November 10, 1951 [Detective Story]

Kirk Douglas in Detective Story is all agonized twists and cramps--mixed with slanting satires of ease, his legs stretched like his grin, almost lanky and lithe--if he weren't so tightly wound. At times he even wears reading glasses, encasing his face in a weird grimace--or something like that; I’m not sure: he is mesmerizing and bizarre, confounding my best efforts to hold him still. His performance veers from coherence to incoherence to give his cop humor and fearful resolve, strength and little-boy-lost panic--and above all bitter madness as he makes his way through a dark day at his precinct house--alarming us with the spectacle of his fury, guilt, and disintegration, his iron-fast moral code swallowing whole his job, his marriage--and his life.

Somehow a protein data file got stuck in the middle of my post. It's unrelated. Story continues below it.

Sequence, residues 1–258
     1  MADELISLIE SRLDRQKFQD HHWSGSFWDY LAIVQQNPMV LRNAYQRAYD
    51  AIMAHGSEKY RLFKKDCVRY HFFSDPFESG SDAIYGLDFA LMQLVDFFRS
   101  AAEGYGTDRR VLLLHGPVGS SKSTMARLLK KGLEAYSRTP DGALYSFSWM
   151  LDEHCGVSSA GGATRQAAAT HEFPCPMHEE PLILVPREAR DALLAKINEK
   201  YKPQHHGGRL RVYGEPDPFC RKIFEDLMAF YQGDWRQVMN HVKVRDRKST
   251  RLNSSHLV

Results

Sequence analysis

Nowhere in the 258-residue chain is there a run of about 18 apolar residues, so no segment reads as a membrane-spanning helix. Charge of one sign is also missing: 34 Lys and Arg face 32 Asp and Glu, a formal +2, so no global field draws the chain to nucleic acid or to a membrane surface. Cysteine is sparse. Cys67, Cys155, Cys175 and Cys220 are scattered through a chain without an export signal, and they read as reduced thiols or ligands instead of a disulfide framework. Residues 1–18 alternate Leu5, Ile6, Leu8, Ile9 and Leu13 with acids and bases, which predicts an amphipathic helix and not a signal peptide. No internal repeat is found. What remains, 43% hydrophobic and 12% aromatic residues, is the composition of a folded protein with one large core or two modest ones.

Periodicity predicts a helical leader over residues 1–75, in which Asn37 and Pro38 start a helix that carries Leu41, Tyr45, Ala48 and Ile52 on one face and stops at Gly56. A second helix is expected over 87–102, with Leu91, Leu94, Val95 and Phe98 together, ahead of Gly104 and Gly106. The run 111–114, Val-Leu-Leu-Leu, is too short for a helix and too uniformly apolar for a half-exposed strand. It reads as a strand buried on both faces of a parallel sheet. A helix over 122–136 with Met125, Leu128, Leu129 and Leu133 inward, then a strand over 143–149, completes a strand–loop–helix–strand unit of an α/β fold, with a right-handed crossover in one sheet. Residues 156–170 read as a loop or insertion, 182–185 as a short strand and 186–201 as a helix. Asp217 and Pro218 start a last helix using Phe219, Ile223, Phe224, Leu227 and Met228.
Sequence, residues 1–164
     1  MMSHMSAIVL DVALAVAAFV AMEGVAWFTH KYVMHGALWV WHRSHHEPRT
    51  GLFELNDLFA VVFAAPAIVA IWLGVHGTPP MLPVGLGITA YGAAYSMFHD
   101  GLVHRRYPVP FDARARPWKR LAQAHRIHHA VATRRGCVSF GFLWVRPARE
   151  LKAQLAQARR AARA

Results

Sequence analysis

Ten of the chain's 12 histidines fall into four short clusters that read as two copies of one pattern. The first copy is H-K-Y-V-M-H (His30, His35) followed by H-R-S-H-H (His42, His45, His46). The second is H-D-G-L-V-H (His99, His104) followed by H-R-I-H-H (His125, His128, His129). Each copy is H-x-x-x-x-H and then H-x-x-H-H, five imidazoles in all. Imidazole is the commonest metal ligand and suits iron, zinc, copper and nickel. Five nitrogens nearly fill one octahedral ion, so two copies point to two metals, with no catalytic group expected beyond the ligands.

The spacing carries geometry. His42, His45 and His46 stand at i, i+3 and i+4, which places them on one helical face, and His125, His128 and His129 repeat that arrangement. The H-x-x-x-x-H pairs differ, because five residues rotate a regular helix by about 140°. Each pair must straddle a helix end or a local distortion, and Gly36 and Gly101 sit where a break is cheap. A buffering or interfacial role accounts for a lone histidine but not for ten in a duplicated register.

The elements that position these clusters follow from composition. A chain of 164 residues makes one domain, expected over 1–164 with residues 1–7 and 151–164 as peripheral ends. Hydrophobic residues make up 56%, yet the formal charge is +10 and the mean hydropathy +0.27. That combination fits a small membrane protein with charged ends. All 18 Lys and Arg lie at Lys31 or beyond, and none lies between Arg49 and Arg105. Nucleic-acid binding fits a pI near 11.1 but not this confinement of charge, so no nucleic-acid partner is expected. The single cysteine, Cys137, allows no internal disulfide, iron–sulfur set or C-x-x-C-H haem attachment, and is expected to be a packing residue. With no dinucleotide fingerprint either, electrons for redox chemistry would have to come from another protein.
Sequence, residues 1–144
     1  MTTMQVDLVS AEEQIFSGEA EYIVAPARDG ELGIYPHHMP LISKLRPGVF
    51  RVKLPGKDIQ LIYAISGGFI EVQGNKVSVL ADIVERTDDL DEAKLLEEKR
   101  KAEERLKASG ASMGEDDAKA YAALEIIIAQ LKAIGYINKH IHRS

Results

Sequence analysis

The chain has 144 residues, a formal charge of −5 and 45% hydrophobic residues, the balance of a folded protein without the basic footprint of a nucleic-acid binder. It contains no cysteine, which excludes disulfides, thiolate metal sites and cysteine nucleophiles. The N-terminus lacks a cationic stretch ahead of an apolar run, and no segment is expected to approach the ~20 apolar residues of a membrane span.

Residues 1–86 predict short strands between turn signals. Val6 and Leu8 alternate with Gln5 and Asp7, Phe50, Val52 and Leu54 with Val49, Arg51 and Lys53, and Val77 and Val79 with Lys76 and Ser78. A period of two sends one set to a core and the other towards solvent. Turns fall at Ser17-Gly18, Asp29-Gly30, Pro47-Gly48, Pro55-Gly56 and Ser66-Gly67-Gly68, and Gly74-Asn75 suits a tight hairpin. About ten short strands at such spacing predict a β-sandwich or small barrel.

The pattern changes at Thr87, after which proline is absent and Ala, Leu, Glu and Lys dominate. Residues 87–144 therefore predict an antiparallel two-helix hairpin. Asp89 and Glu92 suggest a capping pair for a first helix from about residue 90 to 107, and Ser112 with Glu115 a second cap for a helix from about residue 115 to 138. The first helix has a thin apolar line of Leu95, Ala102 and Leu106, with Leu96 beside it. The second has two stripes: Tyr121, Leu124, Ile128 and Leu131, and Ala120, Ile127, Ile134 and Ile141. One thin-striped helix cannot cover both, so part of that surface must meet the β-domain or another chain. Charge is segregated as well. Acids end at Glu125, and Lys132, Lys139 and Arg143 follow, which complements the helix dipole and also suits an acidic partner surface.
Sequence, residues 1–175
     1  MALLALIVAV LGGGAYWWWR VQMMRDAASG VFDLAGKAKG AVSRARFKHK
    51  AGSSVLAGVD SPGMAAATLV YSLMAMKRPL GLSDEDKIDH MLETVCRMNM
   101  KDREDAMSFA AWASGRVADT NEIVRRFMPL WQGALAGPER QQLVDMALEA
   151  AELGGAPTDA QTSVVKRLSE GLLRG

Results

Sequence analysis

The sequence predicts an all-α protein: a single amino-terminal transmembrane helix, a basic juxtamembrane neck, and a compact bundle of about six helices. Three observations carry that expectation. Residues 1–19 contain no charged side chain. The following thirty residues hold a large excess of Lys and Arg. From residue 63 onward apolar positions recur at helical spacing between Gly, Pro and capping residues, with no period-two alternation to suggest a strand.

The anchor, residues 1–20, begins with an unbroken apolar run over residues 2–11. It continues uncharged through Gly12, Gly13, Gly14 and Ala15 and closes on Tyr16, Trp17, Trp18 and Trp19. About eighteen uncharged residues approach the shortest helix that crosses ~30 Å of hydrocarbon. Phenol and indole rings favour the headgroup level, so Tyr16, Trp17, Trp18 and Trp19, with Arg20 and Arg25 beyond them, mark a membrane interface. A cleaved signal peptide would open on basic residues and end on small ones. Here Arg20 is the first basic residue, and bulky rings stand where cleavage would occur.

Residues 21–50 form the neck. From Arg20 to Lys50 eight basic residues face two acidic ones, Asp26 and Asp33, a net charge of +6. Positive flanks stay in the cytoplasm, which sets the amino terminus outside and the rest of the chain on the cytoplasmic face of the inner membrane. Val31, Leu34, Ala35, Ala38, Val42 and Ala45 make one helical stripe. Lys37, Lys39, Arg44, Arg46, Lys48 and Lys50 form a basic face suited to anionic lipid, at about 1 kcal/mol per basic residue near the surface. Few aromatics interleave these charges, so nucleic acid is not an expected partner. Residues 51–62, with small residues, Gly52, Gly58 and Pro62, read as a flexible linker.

It is terrifying, but I have a rueful affection for this movie, for Douglas’ detective as its tight-fisted heart, and for its supporting cast--especially William Bendix as Douglas' counterpoint and conscience (a million years away from his brutal henchman in The Glass Key, in love with Alan Ladd but devoted to the rough stuff, sweetheart), and Joseph Wiseman in a surreal, unhinged performance--almost in a matchup duel with Douglas--and most of all for its finale: The fatally wounded Douglas, who has walked into Wiseman's four-time-loser hail of gunfire, grinds out half of an Act of Contrition before dying--so that Bendix can finish it for him.

That last scene stands for every lasting virtue of Douglas’ career so far: suave in Out of the Past and tightly clenched in Champion, and bound and determined in Young Man with a Horn and flaying at greed just a few months ago in Ace in the Hole--but I think Detective Story is the moment when he does not blink, and hits dead center.


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